Market Monitor - 27 August 2021

Market Monitor – 27 August 2021

Global stock markets have made steady gains this week with investors happy to wait for direction from America’s Federal Reserve bank at its forthcoming annual symposium in Jackson Hole, Wyoming.
Expectations of central bank policy have been among the most important factors driving market sentiment in recent months: investors are keen that monetary policy in the world’s major economies is not tightened too quickly as the post-pandemic recovery gathers pace.
Last week, fears of an early end to stimulus measures in the United States – a move seen by many policymakers as a necessary step to curb rising inflation – sent share prices crashing. But with the Delta coronavirus variant causing yet more economic disruption in the US, Europe and Asia, investors have taken a more relaxed view in the past few days, allowing markets – especially those in the Far East – to recover.
The consensus at the close of trade on Thursday was that Fed chair Jerome Powell’s long-awaited speech the following day would simply extend the “wait and see” approach he has advocated for much of 2021 – with no clear timeline as yet for a tapering of stimulus measures or an increase in interest rates.
Powell appears to have little choice but to keep the stimulus taps turned on given the latest economic data from the US. Industrial production has declined in August thanks to ongoing material shortages and supply chain issues, while the updated American GDP figures for the second quarter of this year were weaker than expected.

The US

On Wall Street, the Dow Jones Industrial Average ended trading on Thursday 0.3% up for the week so far, with the S&P 500 gaining 0.6%. The tech-focused Nasdaq index, meanwhile, hit new highs this week thanks to widespread gains among technology stocks: these shares have the most to gain from an extension of stimulus measures, not least because lower interest rates mean future revenue streams generated by tech businesses are more valuable.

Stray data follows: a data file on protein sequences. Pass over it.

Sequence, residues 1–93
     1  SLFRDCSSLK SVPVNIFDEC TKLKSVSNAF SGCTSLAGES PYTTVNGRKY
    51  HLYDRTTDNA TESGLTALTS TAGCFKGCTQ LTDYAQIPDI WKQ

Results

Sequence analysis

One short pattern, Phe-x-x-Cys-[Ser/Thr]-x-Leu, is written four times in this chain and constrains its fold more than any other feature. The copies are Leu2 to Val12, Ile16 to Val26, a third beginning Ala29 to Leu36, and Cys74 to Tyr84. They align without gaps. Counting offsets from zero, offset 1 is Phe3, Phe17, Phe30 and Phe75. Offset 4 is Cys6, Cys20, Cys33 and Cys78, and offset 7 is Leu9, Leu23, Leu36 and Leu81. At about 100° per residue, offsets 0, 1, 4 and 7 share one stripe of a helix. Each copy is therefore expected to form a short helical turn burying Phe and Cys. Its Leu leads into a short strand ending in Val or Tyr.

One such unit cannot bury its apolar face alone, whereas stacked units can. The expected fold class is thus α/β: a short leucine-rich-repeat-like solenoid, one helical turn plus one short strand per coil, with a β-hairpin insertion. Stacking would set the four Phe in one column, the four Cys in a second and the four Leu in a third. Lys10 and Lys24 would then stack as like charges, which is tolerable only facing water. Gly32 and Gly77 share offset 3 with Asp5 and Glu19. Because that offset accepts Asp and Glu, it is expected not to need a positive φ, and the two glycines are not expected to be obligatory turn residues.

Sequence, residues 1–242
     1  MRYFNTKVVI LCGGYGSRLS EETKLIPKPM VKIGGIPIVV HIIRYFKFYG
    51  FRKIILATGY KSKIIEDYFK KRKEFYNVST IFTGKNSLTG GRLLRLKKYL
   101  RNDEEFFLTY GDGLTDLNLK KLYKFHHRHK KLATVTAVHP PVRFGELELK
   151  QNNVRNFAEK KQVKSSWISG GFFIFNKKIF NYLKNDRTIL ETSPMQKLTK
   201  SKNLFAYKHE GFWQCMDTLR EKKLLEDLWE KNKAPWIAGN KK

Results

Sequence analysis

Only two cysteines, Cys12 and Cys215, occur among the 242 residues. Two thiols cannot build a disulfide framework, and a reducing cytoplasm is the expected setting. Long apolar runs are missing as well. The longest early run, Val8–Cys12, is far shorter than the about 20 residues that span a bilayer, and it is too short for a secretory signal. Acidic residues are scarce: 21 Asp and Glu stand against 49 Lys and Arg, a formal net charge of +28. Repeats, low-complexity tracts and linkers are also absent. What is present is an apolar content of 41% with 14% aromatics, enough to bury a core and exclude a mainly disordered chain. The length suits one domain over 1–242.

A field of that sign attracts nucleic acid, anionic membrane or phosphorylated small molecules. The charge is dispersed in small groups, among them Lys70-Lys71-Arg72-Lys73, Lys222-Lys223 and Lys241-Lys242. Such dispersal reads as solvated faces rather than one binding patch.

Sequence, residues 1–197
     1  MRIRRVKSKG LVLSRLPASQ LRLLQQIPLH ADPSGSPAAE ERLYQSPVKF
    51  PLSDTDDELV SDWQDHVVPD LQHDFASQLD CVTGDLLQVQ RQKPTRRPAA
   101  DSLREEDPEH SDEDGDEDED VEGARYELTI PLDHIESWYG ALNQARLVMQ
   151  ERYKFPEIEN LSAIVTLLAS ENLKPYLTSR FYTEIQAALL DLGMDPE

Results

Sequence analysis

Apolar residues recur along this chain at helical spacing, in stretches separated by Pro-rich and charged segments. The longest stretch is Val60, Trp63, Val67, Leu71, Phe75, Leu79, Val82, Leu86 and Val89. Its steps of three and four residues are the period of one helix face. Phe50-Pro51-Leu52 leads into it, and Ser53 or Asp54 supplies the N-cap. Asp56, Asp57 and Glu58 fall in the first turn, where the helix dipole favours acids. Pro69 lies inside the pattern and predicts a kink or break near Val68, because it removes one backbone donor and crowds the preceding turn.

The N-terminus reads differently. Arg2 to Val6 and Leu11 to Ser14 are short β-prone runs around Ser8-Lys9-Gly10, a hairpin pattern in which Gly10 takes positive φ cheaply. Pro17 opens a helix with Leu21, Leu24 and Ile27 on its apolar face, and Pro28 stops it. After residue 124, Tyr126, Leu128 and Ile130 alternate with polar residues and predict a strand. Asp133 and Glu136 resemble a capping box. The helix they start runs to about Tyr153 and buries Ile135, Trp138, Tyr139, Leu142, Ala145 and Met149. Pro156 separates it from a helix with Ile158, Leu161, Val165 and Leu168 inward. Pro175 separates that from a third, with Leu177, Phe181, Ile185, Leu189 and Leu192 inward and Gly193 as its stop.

The UK & Europe

In the UK, the FTSE 100 ended Thursday 0.5% ahead for the week despite more gloomy economic data in Britain. Inventory levels at UK retailers are rapidly dwindling thanks to materials shortages as well as logistical issues – most notably a nationwide shortage of lorry drivers. Supermarket chains Tesco and Iceland have both warned that problems could drag on into the busy Christmas period unless the government acts to cut red tape in the haulage industry. On Monday, shares in fellow retailer Sainsbury’s soared 14% following reports of a possible takeover bid from private equity firm Apollo – the latest in a string of acquisition rumours in the sector this year.
In Frankfurt, the DAX index ended Thursday’s session down 0.1% for the week following a pessimistic report from the Bundesbank: it said that economic growth could be severely curtailed by the spread of the Delta variant over the course of the autumn. German manufacturer Bosch warned also that global supply chains may have been permanently damaged by the pandemic, with the long-term supply of semiconductors of particular concern.
In France, the CAC 40 gained 0.6% following last week’s slump, despite the fact that private-sector growth has slowed to its lowest rate in four months.


In Asia, the Hang Seng index in Hong Kong surged 2.3% after entering bear-market territory last week, while Japan’s Nikkei 225 index of leading shares had posted even more impressive growth by Thursday’s close, gaining 2.7%. This was despite reports that Japanese manufacturing and service sector growth had fallen at its fastest rate in more than a year as a result of a rise in coronavirus infection levels
Aug 20
Aug 26
Change (%)
FTSE 100
FTSE All-share
S&P 500
Dow Jones
CAC 40
Hong Kong Hang Seng
Nikkei 225

Note: all market data contained within the article is sourced from Bloomberg unless stated otherwise, data as at 26/8/2021.

Read time - 2 min
27 August 2021
Share on linkedin
Share on email
Share on print

Latest articles

Global stock markets made further gains this week after weaker economic data in the United States raised the likelihood of an interest rates cut later in the summer.
Global stock markets surged ahead this week as the prospect of an interest rate cut in the United States grows ever closer.
Global stock markets had a mixed week as investors wait for vital inflation data in the United States and the results of national elections in Europe.

How to make your choice

Only once you turn 18 you are able to make a decision on your account. If you’re ready to make a decision you can do so by downloading our CTF Election form. Simply fill it in and send it back to us whatever you decide to do. Download the form using the button below.

Woman with a laptop